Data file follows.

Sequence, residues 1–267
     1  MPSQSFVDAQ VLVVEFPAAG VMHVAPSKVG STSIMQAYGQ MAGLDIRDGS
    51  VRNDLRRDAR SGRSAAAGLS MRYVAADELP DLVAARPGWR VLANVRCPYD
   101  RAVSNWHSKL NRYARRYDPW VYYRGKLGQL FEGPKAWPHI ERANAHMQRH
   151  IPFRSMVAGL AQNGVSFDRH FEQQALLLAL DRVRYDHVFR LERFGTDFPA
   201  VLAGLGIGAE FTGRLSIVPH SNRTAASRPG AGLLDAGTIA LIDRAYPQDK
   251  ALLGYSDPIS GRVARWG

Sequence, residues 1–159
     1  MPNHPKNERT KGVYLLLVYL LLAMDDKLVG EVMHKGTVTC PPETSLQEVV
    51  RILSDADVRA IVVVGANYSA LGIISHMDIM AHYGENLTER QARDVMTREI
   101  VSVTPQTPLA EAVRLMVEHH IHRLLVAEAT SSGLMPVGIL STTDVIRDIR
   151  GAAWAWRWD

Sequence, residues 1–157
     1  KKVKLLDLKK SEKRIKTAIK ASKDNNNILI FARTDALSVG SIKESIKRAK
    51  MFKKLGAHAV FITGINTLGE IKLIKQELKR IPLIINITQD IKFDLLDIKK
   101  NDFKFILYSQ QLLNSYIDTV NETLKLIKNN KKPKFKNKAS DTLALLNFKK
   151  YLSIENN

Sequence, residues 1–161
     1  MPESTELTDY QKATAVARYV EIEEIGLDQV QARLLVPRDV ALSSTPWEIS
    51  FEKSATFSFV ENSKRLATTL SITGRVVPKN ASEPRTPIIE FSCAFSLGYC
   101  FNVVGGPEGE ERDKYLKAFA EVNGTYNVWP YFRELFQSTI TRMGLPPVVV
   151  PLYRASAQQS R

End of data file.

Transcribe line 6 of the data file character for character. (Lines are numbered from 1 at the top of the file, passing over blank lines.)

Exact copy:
   201  VLAGLGIGAE FTGRLSIVPH SNRTAASRPG AGLLDAGTIA LIDRAYPQDK